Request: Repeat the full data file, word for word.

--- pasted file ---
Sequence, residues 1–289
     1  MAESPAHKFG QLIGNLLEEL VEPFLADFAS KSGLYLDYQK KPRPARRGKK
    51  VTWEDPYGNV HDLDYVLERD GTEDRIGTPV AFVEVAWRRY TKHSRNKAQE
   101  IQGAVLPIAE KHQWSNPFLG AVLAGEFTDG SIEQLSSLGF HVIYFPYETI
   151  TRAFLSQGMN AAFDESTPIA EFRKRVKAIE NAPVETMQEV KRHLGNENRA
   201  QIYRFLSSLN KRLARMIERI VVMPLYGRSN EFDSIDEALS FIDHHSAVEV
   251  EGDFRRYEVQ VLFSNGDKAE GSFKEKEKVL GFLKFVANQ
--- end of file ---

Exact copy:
Sequence, residues 1–289
     1  MAESPAHKFG QLIGNLLEEL VEPFLADFAS KSGLYLDYQK KPRPARRGKK
    51  VTWEDPYGNV HDLDYVLERD GTEDRIGTPV AFVEVAWRRY TKHSRNKAQE
   101  IQGAVLPIAE KHQWSNPFLG AVLAGEFTDG SIEQLSSLGF HVIYFPYETI
   151  TRAFLSQGMN AAFDESTPIA EFRKRVKAIE NAPVETMQEV KRHLGNENRA
   201  QIYRFLSSLN KRLARMIERI VVMPLYGRSN EFDSIDEALS FIDHHSAVEV
   251  EGDFRRYEVQ VLFSNGDKAE GSFKEKEKVL GFLKFVANQ